It is now up to us to follow in their trail blazing example. Let us lift the blanket, peak under the covers, and with integrity face the damage we have caused our queer and questioning members. Yes religion has hurt a lot of people but it is still within our power to heal that hurt. If you would like to stand up for your own church and help spread the word to young adults across the country that yes it’s OK to be queer, Christian, Jewish, Muslim, and well spiritual, consider donating to our cause. We can help your message go far. If anything, visit the Heartland Proclamation website, watch the video clip, and flip through their pictures to see how their day of signing turned out. It’s the stuff hope is made of.

What Would You Do?

I was always taught that you couldn’t be Christian and gay or lesbian. This was supported by religious and queer people. Now that I am older, I see how silly it is to try to separate spirituality from sexuality. Your ID Kit is a tool for young adults, and basically anyone, who needs both their spirituality and gender identity affirmed and supported. Join us in this revolution as we fight to normalize homosexuality for the fundamentalist believer.

What we find is that there are locations where pockets of well informed, compassionate people allow queer rights and equality to thrive. These folk who have come to take on a modern understanding of individuality affirm the many possible combinations of the family unit. Their affirmation inspires us so much. When we as queer individuals find ourselves in such company we can’t help but think, “Wow, America is so evolved, I’m happy to be here.” Continue reading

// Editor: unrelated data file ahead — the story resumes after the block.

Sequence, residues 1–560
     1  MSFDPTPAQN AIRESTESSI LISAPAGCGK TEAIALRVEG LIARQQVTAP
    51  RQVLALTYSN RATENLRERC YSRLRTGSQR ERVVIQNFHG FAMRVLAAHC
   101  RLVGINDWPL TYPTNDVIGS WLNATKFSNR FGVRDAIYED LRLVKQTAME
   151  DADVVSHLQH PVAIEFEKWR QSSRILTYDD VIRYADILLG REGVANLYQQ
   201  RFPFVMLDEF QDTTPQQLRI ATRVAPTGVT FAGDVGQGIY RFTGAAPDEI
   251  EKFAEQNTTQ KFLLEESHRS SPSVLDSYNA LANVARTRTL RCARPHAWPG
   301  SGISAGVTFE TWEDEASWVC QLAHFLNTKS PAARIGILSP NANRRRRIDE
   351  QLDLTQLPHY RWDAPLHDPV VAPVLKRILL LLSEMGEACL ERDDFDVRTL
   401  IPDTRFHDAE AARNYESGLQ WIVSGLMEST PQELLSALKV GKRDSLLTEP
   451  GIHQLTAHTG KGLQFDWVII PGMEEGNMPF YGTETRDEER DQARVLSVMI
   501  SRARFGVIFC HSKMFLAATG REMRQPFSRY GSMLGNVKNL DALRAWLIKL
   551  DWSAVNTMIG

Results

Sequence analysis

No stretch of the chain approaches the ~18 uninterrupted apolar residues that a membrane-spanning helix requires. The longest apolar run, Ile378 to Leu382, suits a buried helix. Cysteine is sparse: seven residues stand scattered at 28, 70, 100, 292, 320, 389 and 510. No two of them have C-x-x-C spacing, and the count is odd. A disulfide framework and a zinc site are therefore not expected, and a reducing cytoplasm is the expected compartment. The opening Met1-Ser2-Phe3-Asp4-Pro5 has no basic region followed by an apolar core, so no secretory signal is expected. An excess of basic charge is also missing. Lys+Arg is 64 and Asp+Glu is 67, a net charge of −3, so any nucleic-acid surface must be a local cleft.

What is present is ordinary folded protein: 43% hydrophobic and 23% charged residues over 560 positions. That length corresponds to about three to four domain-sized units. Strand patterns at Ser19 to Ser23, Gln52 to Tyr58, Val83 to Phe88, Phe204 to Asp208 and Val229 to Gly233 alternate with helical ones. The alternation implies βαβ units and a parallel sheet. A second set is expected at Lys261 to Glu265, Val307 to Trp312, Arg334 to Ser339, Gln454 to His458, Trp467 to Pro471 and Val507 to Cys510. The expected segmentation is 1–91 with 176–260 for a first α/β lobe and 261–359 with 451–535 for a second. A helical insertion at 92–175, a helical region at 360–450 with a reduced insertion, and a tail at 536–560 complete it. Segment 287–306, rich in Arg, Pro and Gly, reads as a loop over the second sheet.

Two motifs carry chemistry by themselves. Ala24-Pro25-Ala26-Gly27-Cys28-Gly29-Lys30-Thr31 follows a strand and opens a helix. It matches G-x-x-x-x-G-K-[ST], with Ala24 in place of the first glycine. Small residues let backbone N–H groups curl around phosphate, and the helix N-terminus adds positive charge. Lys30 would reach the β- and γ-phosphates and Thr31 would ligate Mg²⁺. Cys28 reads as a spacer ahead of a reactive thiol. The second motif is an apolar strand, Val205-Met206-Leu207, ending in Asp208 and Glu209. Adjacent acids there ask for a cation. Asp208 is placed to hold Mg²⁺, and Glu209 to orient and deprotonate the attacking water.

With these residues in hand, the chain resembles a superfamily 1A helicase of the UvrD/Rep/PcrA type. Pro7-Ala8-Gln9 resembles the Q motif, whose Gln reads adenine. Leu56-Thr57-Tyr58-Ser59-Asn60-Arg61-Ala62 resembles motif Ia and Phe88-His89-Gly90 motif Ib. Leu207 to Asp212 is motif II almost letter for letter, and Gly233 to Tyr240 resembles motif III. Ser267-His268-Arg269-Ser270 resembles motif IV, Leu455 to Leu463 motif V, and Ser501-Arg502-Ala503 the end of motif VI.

The Invites Are In!

Hello everyone and thanks for stopping in. We the team of  Your IDK are excited to announce that the Kit: For Queer Christian Youth is finally complete and ready to meet the public. It’s taken a while to get here but that just makes our arrival that much more monumental.

Secret invites have been sent out to some pretty special individuals. If you are one of those folks we can’t wait to share the experience of unveiling the Kit with you. If you haven’t gotten yours yet but you believe you should be there with us, please don’t hesitate to contact us (

The Kit couldn’t have come at a better time. Have you seen some of the tweets people are posting about the decisions happening in schools? @PerezHilton tweets:

“Tennessee has banned the word “gay” or ANY discussion of homosexuality from schools. So what are the LGBT kids gonna to do? Feel more alone?”

Continue reading